I found the most beautiful drive into the Durham/Dover area while on assignment for something completely different. Take Route 125 to Route 155, then 155A. You’ll go past beautiful farms and through little towns like Lee — in fact, this will take you right past the Flag Hill Winery & Distillery (659-2949, flaghillwinery.com). It’s well worth a visit. (No, that was NOT the assignment!) From the north, try Route 16 or Route 11, skirting Winnipesaukee Lake.
While on the Seacoast there is plenty to do, beyond going to the beach. Among the doings:
• Great Bay National Estuarine Research Reserve (greatbay.org) in Stratham has activities for the whole family. A handicapped-accessible nature trail and boardwalk allows visitors to explore a variety of habitats including forests and salt marshes as well as native plant gardens. Climb aboard a replica of a 19th century gundalow, a type of barge, to see how these “Mack trucks” of the Gulf of Maine moved cargo two centuries ago. The bay is also a prime spot for kayaking and watching migratory birds.
• The Sandy Point Discovery Center (778-0015, greatbay.org) will be opening May 1 with new exhibits and programs. There also are touch tanks where you can get your hands dirty — or wet, as the case may be — learning about lobsters, horseshoe crabs and other marine critters.
The grounds of the Great Bay National Estuarine Research Reserve are open dawn to dusk year round. Sandy Point Discovery Center is free and is open Wednesday through Sunday, 10 a.m. to 4 p.m., May through October.
If you take that drive toward Lee, visit the Jenness Farm (942-8051, jennessfarm.com) in nearby Nottingham. Jenness Farm makes handcrafted goat-milk soaps and body products which are known to be extremely gentle on the skin.
The farm will be holding their “kid friendly” open house April 23-24. Taste fresh goat milk and pet the new baby Arapawa goats, a very rare breed descended from goats released by Captain Cook in Australia in the 18th century.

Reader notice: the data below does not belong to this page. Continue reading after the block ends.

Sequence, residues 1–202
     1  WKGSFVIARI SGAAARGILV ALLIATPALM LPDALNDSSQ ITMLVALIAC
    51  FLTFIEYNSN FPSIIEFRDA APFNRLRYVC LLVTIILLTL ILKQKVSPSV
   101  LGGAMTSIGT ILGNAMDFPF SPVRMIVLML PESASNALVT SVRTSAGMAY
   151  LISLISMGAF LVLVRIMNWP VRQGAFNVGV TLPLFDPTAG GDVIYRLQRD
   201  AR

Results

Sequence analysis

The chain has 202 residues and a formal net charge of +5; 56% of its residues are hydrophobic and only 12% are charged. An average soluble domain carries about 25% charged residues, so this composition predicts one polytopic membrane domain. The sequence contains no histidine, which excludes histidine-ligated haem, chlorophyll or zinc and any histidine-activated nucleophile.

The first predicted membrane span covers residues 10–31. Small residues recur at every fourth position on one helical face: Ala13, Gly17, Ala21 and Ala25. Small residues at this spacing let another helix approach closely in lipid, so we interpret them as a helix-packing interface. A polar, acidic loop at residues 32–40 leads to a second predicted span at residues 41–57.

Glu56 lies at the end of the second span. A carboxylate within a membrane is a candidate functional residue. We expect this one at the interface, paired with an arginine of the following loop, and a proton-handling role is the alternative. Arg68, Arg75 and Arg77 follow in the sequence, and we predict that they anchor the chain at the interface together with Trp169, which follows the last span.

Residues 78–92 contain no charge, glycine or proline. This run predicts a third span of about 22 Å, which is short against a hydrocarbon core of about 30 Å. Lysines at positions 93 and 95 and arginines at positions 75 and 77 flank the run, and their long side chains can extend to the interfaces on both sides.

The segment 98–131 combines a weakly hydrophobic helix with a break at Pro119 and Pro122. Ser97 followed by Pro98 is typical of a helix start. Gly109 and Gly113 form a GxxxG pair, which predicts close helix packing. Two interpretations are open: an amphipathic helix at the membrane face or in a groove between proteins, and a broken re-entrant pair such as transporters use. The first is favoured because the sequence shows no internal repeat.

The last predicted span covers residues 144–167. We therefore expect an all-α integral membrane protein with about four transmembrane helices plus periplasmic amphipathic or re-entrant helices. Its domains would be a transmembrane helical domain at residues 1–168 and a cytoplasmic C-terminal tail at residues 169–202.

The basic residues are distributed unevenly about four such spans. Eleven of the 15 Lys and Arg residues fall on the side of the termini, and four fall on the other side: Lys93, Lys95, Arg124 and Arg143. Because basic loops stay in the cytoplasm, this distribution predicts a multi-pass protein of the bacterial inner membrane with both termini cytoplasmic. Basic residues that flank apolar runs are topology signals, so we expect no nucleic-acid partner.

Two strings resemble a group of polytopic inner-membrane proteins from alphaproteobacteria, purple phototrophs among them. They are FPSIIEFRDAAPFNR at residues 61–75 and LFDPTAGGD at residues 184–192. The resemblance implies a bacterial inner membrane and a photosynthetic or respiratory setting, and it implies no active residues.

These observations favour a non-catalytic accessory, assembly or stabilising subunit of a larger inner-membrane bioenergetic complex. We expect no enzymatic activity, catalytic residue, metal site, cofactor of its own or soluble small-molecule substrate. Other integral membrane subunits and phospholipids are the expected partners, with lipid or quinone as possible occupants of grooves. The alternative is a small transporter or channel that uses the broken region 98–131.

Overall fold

The Jenness Farm and retail store is open Wednesday through Sunday, 10 a.m. to 6 p.m. A $1 per person or $5 per family donation will benefit the Arapawa Goat Sanctuary in New Zealand.
If your tastes run more “opera” than “soap,” take in a performance at the restored Rochester Opera House (335-1992, RochesterOperaHouse.com). The opera house was originally constructed in 1908, but fell into decline in the 1940s and was closed in 1974. In 1996, Mayor Harvey E. Bernier Jr. launched the Rochester Opera House Restoration Project, and the venue was opened again a year later as part of an on-going, multi-million dollar restoration. The Rochester Opera House is listed on the National Register of Historic Places.
On May 13, the “Royalty of Doo-Wopp” will bring together such artists as the Drifters, the Tuneweavers, Little Joe Cook, Shep’s Limelites and others. The performance begins at 8 p.m. Tickets are $32 and $36.
For some nourishment, check out:
• ffrost Sawyer Tavern at the Three Chimneys Inn (868-7800, threechimneysinn.com) in Durham, which was built in 1649 and was a site for munitions stolen by Yankees from the British blockhouses in nearby Portsmouth during the Revolutionary War. The tavern has an open hearth “summer kitchen” fireplace, granite walls and hand hewn beams, and serves up some hearty traditional New England fare. And, no, I didn’t make a typo — the “ff” in ffrost is the old English way of spelling a capital “F”. ffrost Sawyer Tavern is open Sunday through Thursday, 5 to 9 p.m., Friday and Saturday, 5 to 10 p.m.
• Jumpin’ Jay’s Fish Café (766-3474, jumpinjays.com), just off Market Square in Portsmouth, features fish so fresh it was probably swimming that morning. Locally caught seafood as well as varieties from more exotic locales like New Zealand and Ecuador can be complimented by your choice of sauce or marinade. Open for dinner seven nights, reservations are suggested. Jumpin’ Jays is a non-smoking facility.
Dover has been undergoing quite a transformation. Here’s just a few to choose from on your Seacoast adventure:
• Orchard City Chop Shop (749-0006, orchardstreetchopshop.com) - New York-style steak house in a historic firehouse. Look out Ruth’s Chris!
• Crescent City Bistro (742-1611, crescentcitybistro.com) — Cajun/Creole cuisine is served at one of the few vintage rum bars in the country.
• Blue Latitudes Bar & Grill (750-4222, bluelatitudes.net) — In the Cocheco Mills, Blue Latitudes serves upscale world cuisine with an American touch. They also have outside seating.
This article appears in the April 15 2005 issue of New Hampshire Business Review